The euro weakened to its lowest level this year, while stocks and commodities slumped, as an unprecedented levy on Cyprus’s bank savings threatened to throw Europe back into crisis. German two-year note yields dropped below zero as Spanish and Italian borrowing costs jumped.
The 17-nation shared currency sank 1.2% to $1.2926 at 9:30 a.m. in New York. The MSCI All-Country World Index lost 1.2%, retreating from the highest level since June 2008. The Stoxx Europe 600 Index slid 0.7% and the Standard & Poor’s 500 Index dropped 0.5%. Copper tumbled more than 2% and gold rose 1.1%. Germany’s note yields fell to as low as minus 0.003%. Spain’s 10-year rate climbed six basis points to 4.98% and the yield on similar-maturity Portuguese bonds rose 13 basis points to 6.08%.
Finance ministers in the euro area reached an agreement on March 16 forcing depositors in Cypriot banks to share in the cost of the latest bailout. Bank creditworthiness deteriorated the most since inconclusive Italian elections three weeks ago as Moody’s Investors Service said today the Cypriot levy is negative for bank depositors across Europe. Bill Gross at Pacific Investment Management Co. said it moves “risk-on” trades to the back seat.
“This creates a precedent and is a bit scary,” said Matthieu Giuliani, who helps oversee $5.3 billion as a fund manager at Banque Palatine SA in Paris. “It hurts the market. But this is case specific to Cyprus. I don’t see Germany or the EU imposing such a thing on Spain or Italy. It would create panic in the banking system.”
Cypriot lawmakers will meet tomorrow to ratify a levy to raise 5.8 billion euros ($7.6 billion) as part of a bailout aimed at preventing a financial collapse and a possible exit from the euro area. The meeting was delayed from today due to the need to examine changes to legislation, Speaker Yiannakis Omirou told reporters in Nicosia, in comments broadcast on state-run CYBC.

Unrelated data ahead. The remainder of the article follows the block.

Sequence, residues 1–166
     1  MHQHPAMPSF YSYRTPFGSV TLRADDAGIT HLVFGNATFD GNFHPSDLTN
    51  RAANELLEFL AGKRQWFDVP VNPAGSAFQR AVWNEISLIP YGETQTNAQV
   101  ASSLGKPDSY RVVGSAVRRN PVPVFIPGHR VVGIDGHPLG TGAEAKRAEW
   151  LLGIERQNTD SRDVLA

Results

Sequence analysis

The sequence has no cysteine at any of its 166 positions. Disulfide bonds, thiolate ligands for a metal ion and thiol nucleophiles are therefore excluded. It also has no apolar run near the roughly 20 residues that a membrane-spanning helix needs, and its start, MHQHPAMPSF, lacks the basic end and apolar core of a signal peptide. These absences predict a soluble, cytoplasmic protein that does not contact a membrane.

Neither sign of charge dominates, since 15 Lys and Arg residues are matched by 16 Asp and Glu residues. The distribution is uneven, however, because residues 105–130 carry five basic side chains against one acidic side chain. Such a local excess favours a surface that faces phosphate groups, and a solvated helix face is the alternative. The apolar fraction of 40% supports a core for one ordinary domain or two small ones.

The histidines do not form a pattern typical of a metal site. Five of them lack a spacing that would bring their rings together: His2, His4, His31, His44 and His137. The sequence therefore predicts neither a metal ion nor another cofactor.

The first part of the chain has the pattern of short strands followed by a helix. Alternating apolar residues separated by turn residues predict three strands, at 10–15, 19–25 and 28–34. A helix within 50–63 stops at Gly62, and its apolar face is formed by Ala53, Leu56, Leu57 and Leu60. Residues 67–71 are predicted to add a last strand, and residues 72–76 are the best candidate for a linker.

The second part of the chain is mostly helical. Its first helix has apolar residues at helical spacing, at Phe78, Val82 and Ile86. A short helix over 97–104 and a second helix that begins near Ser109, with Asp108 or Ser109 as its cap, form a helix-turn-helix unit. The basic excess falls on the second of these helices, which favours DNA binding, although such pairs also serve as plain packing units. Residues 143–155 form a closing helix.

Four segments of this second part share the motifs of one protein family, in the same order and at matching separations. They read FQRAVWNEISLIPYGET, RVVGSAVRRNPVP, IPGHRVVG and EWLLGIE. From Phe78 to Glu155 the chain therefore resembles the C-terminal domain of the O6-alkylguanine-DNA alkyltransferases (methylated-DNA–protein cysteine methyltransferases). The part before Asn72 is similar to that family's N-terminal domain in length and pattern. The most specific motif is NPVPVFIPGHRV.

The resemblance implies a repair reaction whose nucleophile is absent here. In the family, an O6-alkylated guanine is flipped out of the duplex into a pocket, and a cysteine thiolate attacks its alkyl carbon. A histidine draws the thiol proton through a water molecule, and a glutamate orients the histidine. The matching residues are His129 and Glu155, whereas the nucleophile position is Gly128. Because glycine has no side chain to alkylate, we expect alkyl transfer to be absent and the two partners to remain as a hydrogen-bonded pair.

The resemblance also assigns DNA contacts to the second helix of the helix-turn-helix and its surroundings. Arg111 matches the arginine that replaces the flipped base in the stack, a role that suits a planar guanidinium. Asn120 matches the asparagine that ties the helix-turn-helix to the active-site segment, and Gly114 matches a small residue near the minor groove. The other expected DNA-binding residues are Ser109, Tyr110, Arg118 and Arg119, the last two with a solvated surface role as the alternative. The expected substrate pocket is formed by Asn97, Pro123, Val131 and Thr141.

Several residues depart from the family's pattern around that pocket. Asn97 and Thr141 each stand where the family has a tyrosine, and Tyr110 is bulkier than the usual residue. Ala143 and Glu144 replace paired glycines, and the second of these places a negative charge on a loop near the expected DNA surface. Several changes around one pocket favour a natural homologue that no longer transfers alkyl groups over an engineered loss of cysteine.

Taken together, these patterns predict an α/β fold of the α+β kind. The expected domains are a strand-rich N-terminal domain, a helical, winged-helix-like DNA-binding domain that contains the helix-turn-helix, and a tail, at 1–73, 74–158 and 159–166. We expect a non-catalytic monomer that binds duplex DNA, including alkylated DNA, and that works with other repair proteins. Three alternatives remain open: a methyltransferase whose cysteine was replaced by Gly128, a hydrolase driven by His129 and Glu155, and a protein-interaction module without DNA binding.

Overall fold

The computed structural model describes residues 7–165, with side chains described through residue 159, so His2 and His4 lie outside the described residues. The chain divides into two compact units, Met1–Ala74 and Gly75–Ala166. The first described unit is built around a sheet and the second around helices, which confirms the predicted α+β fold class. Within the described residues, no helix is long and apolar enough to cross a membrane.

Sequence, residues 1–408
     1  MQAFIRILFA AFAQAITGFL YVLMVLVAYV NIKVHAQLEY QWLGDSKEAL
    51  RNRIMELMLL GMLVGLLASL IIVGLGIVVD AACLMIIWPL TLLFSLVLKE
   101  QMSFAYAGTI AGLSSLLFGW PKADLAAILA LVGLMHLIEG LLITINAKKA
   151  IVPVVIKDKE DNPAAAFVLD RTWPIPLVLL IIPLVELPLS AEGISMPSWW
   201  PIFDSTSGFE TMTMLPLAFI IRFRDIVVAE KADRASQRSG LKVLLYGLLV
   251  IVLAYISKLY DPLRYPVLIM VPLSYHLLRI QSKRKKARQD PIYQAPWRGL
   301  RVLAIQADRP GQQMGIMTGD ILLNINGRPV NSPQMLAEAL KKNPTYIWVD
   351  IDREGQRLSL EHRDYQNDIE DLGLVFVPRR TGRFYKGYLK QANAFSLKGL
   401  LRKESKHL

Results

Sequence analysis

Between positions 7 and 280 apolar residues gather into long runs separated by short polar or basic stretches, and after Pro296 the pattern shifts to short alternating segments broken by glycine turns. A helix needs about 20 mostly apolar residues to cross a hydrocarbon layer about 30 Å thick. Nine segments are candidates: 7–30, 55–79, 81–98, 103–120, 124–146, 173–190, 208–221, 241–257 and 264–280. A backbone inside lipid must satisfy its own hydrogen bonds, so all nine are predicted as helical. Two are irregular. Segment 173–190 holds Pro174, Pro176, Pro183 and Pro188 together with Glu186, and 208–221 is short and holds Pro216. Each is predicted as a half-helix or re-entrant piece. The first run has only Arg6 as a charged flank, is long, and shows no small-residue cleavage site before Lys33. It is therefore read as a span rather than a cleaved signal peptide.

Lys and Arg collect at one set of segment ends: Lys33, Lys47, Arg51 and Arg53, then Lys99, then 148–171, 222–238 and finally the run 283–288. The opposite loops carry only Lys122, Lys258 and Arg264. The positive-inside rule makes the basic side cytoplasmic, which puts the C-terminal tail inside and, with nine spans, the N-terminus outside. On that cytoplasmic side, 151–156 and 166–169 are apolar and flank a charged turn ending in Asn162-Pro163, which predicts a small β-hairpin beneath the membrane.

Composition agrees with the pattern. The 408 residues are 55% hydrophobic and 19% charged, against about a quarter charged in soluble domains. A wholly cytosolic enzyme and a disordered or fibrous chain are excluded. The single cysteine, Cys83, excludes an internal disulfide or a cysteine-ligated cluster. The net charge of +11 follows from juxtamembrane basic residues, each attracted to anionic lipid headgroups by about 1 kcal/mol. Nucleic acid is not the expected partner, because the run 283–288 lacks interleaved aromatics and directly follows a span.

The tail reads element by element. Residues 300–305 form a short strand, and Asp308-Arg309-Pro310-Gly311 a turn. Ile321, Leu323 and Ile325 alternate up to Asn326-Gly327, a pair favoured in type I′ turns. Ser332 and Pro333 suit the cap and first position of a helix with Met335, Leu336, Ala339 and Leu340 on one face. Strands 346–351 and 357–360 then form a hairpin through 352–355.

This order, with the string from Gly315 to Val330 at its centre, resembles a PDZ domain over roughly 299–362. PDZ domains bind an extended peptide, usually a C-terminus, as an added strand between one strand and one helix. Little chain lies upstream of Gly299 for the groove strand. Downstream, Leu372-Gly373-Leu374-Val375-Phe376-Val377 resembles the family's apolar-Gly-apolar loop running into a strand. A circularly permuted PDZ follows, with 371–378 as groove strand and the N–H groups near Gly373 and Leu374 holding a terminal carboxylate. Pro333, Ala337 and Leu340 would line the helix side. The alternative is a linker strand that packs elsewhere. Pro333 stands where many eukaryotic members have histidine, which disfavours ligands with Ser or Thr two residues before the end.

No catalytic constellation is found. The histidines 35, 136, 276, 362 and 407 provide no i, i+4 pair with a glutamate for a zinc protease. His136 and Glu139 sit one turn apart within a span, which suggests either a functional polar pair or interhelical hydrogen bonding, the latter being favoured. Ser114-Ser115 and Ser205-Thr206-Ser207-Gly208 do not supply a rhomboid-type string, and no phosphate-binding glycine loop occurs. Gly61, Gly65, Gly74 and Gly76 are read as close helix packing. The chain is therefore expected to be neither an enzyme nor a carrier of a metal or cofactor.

The euro slid as much as 1.5% against the dollar to $1.2882, its weakest level since Dec. 10, before paring its decline. It was 1.3% lower against the yen as Japan’s currency strengthened against all its 16 major peers.
The additional yield investors demand to hold Spain’s 10- year securities instead of benchmark German bunds widened 12 basis points to 359 basis points. Portugal’s 10-year yield spread to similar-maturity bunds widened to as much as 486 basis points today, the most in two weeks.
“The approach of applying haircuts to bank deposits in the Cypriot bailout is driving credit spreads substantially wider,” Greg Venizelos, a fixed-income strategist at BNP Paribas SA in London, wrote today in a report. “Systemic risk has risen as the market contemplates the read-through of breaching the sanctity of deposits.”
While the rate on Portuguese debt due October 2023 rose as much as 30 basis points to 6.25%, that’s only the biggest increase since Feb. 26, when it climbed 48 basis points after the Italian election failed to produce a clear winner. Spanish yields rose 20 basis points on Feb. 26. The yield on Italy’s 10- year bonds added four basis points today, compared with a 41 basis-point jump three weeks ago.